“It is critically important to recognize and start working through how the moment of violence and the moment of neoliberalism coalesce.” – Simon Springer
If we examine through the prism of neoliberalism the killing of Philando Castile – that is, if we think of the killing as a moment when violence and neoliberalism coalesced – then we are immediately confronted with the fact that, to a great extent, the current problem of policing is a problem of neoliberal policing. It is a problem of the production of police as officers whose enforcement of the law is guided by neoliberal policies and procedures, the violence of which no amount of body cameras or use of force training or diversity training can adequately address. Indeed, the fact of neoliberal policing requires from all of us a radically different response to policing and police killings, a response by which we directly confront policing, and our governments’ constitution of law enforcement, as neoliberal practice.
So let’s talk about this moment when neoliberalism and violence converged:
Over the course of fourteen years, Minnesota police initiated at least 52 encounters (a staggering number) with Philando Castile, citing him for minor offenses like driving without wearing a seat belt, speeding, and driving without a muffler. These encounters resulted in Philando being assessed a total of $6,588 in fines and fees.
Given these circumstances, let’s assume (indeed, it is probably safe to assume) that St. Anthony Police Department – the police department that employs Jeronimo Yanez, the officer who killed Philando – operates under a scheme similar to the one that was in place in Ferguson, Missouri when Officer Darren Wilson killed Michael Brown.
Under that scheme (as the U.S. Department of Justice found), City of Ferguson officials “routinely” urged its Chief of Police “to generate more revenue” for the City “through enforcement” and to meet specific revenue goals. In response, the Chief pressured his officers and created a culture in which officers competed with one another in generating revenue; created opportunities to issue citations in order to meet revenue goals; engaged primarily African American citizens as objects from which they could profit as well as subjected them to the department’s and City’s market discipline; and, measured their own value and success as police officers in market terms (the department looked favorably upon and rewarded officers who met their revenue demands).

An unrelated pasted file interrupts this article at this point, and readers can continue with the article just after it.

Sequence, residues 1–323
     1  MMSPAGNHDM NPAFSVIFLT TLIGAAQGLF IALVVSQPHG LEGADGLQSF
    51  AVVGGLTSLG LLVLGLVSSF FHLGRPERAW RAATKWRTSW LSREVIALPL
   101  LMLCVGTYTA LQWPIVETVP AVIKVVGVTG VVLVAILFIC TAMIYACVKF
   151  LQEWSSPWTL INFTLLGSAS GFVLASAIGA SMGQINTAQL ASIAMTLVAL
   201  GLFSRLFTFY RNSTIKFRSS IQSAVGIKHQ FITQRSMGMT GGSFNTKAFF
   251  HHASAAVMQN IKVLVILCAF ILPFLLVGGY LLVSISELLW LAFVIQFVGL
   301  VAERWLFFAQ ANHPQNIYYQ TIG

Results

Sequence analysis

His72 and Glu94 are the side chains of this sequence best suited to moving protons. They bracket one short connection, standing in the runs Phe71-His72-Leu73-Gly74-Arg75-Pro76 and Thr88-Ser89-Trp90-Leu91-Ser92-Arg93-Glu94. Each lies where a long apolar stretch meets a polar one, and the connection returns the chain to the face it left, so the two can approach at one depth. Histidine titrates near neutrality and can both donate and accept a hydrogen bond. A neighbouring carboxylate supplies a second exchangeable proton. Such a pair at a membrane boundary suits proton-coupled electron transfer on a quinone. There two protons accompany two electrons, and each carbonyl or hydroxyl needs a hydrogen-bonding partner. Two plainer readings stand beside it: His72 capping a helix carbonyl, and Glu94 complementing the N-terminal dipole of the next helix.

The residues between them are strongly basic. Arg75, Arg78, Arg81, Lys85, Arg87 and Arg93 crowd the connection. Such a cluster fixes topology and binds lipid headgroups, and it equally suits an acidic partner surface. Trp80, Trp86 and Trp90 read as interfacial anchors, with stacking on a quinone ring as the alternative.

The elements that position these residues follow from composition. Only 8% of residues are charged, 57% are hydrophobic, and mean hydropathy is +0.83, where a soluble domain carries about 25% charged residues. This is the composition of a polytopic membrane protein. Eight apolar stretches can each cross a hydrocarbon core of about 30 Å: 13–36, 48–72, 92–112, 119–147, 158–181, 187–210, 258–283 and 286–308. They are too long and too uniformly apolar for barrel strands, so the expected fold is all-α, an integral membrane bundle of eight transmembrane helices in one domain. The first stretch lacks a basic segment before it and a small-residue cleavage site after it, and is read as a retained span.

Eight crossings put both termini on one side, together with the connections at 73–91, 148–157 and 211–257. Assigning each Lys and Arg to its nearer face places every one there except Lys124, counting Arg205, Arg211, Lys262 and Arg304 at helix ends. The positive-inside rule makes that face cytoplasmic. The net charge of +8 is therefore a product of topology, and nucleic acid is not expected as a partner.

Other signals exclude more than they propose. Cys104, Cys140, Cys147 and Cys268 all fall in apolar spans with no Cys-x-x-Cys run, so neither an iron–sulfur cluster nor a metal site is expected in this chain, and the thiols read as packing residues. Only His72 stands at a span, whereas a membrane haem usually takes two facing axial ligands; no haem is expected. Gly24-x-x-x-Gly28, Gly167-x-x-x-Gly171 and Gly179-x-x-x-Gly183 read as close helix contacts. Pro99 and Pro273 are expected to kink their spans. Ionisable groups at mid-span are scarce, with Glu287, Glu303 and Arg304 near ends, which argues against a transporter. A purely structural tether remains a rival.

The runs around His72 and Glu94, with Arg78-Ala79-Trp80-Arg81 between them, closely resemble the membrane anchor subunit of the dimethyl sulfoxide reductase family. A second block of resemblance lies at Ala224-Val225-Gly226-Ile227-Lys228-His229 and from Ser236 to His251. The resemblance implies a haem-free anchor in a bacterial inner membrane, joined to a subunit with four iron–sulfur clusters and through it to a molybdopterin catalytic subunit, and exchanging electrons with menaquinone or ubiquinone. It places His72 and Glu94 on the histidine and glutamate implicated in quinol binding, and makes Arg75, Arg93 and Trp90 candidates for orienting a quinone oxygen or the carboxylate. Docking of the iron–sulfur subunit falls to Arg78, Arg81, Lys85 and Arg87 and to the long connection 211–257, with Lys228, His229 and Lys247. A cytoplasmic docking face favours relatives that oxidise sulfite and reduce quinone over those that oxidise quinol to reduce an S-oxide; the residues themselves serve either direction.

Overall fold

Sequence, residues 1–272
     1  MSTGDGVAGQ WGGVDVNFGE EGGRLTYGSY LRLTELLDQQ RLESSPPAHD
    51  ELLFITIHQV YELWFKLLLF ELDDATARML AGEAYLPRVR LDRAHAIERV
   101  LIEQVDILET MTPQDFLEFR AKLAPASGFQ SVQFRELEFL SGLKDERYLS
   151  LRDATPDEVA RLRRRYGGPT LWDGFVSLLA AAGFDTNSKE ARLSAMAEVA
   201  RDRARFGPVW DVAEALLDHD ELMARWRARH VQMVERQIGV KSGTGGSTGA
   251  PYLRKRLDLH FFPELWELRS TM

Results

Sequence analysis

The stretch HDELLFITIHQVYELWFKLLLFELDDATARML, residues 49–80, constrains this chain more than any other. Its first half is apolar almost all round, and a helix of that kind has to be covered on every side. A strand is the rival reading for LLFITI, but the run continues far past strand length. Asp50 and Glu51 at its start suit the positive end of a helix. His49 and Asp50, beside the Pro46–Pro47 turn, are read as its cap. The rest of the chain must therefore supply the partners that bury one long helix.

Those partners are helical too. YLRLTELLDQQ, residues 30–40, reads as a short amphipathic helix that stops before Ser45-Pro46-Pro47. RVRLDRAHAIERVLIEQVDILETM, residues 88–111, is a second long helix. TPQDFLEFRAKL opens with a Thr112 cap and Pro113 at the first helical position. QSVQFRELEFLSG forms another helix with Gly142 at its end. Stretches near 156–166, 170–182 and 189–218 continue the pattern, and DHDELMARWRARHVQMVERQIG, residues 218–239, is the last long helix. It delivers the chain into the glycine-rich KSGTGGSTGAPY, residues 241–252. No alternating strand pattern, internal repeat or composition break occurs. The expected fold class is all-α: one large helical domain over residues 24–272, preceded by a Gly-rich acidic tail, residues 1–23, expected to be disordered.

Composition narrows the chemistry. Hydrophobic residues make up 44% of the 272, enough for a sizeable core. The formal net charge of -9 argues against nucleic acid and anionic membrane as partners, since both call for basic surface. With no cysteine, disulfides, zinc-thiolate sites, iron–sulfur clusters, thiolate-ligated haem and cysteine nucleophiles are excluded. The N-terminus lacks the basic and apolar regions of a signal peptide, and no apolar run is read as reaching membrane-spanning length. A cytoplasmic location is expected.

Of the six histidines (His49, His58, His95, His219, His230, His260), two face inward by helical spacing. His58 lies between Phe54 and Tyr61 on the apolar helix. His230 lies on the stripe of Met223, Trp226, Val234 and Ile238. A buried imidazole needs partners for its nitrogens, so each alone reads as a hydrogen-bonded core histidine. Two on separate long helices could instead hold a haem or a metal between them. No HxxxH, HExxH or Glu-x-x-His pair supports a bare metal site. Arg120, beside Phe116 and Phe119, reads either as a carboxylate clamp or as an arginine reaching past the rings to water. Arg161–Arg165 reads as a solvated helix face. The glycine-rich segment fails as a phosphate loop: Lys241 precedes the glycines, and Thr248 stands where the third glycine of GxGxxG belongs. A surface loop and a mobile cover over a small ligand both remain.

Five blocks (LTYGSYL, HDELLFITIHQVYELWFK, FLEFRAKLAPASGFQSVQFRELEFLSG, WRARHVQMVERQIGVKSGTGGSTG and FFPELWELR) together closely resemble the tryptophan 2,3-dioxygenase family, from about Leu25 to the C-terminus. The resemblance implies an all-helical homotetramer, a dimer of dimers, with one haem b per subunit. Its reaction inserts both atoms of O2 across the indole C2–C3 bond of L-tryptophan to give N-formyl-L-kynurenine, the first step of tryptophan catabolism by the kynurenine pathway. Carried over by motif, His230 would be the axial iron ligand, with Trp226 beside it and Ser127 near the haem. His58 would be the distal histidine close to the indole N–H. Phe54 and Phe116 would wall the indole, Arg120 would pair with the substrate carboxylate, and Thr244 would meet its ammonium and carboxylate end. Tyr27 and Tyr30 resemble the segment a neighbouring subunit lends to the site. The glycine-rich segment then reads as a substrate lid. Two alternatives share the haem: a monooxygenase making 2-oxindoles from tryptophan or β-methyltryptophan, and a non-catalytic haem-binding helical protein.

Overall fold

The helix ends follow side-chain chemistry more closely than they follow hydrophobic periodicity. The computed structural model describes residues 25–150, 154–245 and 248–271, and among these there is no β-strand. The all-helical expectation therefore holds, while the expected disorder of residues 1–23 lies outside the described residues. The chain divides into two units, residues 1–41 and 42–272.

Through this scheme, the City in essence transformed the police into neoliberal police officers, into men and women who would enforce the law in ways that folded penal discipline into the “market-driven disciplinary logic” of neoliberalism, and whose policing became the expression of what Simon Springer calls neoliberalism’s “fundamental virtues”: “individualism, competitiveness and economic self-sufficiency.”
As they sought out opportunities to generate revenue, officers also engaged in the kind of ‘Othering’ upon which neoliberalism depends. As Springer writes, neoliberalism not only “treats as enemies” those “who don’t fit the mold of a proper neoliberal subject” (e.g., possessive individualism, economic self-sufficiency); it also “actively facilitates the abandonment of ‘Others’ who fall outside of ‘neoliberal normativity’, a conceptual category that cuts across multiple categories of discrimination including class, race, ethnicity, gender, sex, sexuality, age and ability.”
Ferguson’s neoliberal police officers (and city officials) regarded African Americans and poor people as those who don’t fit the mold. The latter were not the victims of neoliberal policies that had been embraced on a local, national and global scale. Instead, they were failures, people who were unwilling to pull themselves up by their bootstraps and remake themselves in the ways that the market demanded. Consequently, it was right to treat both as objects by which to profit and “as enemies” who needed to be disciplined and controlled.
That the City’s scheme and the neoliberal logic behind it would create the circumstances that led to Michael Brown’s death is clear. Indeed, through that scheme Ferguson officials and the police department produced a “‘state of exception,’ wherein…exceptional violence” – i.e.., violence that shocks, that “elicits a deep emotional response” – was “transformed into exemplary violence,” into violence that “forms the rule,” and particularly for those excluded and abandoned. Without social media, Brown’s death would have merely been a part of the everyday violence that police directed at Ferguson’s African American community and poor people generally, violence made increasingly likely by the market driven imperative of the Ferguson police force. And of course Brown’s death took place against the backdrop of the invisible violence of the City’s neoliberal policies (creation of unequal and increasingly privatized schools, attraction of business that paid little taxes and employed workers at low wages, privatization of public services, etc.).
If Officer Yanez worked under a governmental scheme similar to the one in Ferguson, then in that moment when he pulled the trigger (four or five times) he embodied, expressed and enacted the neoliberal principles and logic by which his department and his city operate.
But let’s suppose that the St. Anthony Police Department is not a business enterprise disguised as a police department, made so at the behest of city officials. Does that change the conclusion?
We live in the context of a global neoliberal order. And to a frightening degree, “we have become entrepreneurs of our lives,” as Johanna Oksala writes, “competing in the free market called society.” Indeed, we “compete in an ever-expanding range of fields, and invest in ourselves by enhancing our abilities and appearance, by improving our strategies of life coaching and time management. Our life has become an enterprise that we must lead to success.”